Not that the Oni cares. When the end comes, she doesn’t even use La Magistral, halting halfway through to shift Obi onto her shoulders and pin her with ease, even delivering a swift slap on the arse as the three is counted. Obi gave her everything to Sakura, and she couldn’t give less of a shit. Never change, Emi, never change.
What’s better than a musical number in a wrestling match? Three musical numbers, of course. From the opening lock-up being timed to the beat of ‘Satisfaction’ to Lulu and Honda’s beautiful duet, which brought with it the arrival of Gon the Fox, the third meeting between Pencil and Honda somehow managed to be even more out there and surreal than what had come before.
For it’s become clear that Lulu and Honda place no bounds on where they want their matches to go. Betrayal via song? Fine. A Dusty Elbow so long that Lulu ends up standing on the sink? Great. Can a fox hand-puppet put on the winning submission? Of course. These two have such incredible brains for nonsense, and when you put them together, it magnifies their talents.
What makes it special, though, is that there is a clear through line to their matches. The first time around, Lulu didn’t really pose a challenge to Honda. In fact, he didn’t even have to technically do anything to win, Lulu’s own backslide providing the submission. Now, though, on her year anniversary, the Pencil is stronger. Honda has to dig deeper and deeper into his bag of tricks, pulling up more and more out-there ideas to put her away. He needed Gon to get the win because Lulu was getting closer to beating him.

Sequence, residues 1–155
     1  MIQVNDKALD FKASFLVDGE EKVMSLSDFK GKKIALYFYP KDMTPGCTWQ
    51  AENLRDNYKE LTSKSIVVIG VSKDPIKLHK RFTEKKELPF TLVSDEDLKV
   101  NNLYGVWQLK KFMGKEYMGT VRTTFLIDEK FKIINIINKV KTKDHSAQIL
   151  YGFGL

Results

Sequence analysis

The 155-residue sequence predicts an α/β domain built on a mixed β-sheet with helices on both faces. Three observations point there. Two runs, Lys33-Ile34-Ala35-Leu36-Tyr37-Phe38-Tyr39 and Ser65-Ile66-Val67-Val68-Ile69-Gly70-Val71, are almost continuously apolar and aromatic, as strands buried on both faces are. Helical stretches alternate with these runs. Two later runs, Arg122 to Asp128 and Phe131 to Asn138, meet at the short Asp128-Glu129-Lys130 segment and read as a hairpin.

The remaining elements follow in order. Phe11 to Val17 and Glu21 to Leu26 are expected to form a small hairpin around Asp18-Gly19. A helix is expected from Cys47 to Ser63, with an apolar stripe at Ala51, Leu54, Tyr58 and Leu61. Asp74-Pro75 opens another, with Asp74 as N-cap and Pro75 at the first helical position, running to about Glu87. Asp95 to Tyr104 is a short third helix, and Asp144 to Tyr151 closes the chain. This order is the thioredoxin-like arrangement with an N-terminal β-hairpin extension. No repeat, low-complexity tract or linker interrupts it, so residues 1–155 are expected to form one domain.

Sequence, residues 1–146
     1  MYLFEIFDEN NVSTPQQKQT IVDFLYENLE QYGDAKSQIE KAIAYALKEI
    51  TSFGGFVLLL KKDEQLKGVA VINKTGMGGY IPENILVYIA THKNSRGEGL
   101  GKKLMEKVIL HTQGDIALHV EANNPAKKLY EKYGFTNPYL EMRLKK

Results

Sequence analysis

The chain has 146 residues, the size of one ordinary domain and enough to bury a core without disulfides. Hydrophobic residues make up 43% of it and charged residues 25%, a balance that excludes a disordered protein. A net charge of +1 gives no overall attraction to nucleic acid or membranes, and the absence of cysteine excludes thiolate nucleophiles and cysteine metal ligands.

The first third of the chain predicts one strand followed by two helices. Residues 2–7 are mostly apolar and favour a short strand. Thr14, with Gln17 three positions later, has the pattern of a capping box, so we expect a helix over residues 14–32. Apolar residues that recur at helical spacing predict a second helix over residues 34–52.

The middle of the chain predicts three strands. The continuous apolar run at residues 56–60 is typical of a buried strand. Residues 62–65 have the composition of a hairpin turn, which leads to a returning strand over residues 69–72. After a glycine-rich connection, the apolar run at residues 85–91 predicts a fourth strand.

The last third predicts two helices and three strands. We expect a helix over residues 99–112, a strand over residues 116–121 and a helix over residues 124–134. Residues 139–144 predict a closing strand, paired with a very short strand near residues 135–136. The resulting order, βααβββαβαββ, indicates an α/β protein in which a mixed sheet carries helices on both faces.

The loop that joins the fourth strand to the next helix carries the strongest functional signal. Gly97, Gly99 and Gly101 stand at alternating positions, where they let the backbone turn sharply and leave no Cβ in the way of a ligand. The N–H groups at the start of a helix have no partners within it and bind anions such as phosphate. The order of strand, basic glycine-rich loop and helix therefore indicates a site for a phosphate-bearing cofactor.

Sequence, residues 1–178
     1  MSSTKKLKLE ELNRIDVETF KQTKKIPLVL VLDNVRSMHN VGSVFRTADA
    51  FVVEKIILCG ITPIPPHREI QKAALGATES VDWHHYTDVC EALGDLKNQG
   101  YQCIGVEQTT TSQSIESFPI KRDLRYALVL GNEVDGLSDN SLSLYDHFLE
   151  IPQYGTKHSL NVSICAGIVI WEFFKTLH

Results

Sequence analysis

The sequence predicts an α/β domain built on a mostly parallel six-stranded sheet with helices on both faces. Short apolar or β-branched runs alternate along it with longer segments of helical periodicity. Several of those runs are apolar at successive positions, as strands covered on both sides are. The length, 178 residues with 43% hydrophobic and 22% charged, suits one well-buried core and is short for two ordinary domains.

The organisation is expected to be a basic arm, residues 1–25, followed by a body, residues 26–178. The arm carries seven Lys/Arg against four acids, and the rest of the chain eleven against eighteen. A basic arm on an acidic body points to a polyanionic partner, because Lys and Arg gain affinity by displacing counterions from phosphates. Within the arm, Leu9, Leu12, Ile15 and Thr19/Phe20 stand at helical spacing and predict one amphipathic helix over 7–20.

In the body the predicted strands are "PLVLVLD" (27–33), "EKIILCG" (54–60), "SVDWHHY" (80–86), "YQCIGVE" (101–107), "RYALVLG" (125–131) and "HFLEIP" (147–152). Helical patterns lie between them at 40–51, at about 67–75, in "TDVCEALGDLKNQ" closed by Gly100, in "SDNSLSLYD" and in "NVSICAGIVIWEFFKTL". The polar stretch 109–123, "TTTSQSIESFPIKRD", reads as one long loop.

Outside of kayfabe, ChocoPro has become the perfect place for these two to enact their ideas. The ability to hide things like Gon from the camera opens up opportunities that would never work in front of an audience. Honda may have had a dodgy year outside the ring, but his role in shaping ChocoPro is vital as he played a pivotal part in crafting the way they use Chocolate Square, both as a cameraman and an in-ring performer.
And it gave us this, a match that I have now watched countless times and which never fails to cheer me up. It is glorious, unashamed, nonsense, and I love every second of it.
The inaugural title defence of a first-time champion is fascinating. In theory, you’ve done the hard work, climbed to the top and earned the reward. However, the reality says that you’re just getting started. For someone like Suzu Suzuki, her entire career had built to the moment where she beat Maya Yukihi. So, how the hell do you keep that momentum going?
Well, it’s a lot easier if you have Tsukushi across from you. Ice Ribbon’s goblin child stepped up to be Suzu’s first challenger, and it was an inspired choice. Tsukushi is in the perfect spot where she could both lose to Suzu and suffer no long-term damage, but also win and be a legitimate person to take the belt from Ice Ribbon’s young, inexperienced champion. Your head told you that Suzu was probably not going to drop the title straight away, but there was a niggle there that suggested she could.